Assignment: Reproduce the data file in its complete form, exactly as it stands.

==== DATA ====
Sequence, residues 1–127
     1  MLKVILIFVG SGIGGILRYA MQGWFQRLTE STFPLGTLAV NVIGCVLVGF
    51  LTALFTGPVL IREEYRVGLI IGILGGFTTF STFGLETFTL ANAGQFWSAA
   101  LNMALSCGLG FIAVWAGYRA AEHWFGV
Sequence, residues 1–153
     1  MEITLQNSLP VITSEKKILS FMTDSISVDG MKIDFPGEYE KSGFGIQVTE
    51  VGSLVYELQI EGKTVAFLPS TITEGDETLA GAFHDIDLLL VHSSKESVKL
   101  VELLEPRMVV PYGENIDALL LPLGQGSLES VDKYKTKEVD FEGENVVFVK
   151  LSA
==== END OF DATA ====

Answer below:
Sequence, residues 1–127
     1  MLKVILIFVG SGIGGILRYA MQGWFQRLTE STFPLGTLAV NVIGCVLVGF
    51  LTALFTGPVL IREEYRVGLI IGILGGFTTF STFGLETFTL ANAGQFWSAA
   101  LNMALSCGLG FIAVWAGYRA AEHWFGV
Sequence, residues 1–153
     1  MEITLQNSLP VITSEKKILS FMTDSISVDG MKIDFPGEYE KSGFGIQVTE
    51  VGSLVYELQI EGKTVAFLPS TITEGDETLA GAFHDIDLLL VHSSKESVKL
   101  VELLEPRMVV PYGENIDALL LPLGQGSLES VDKYKTKEVD FEGENVVFVK
   151  LSA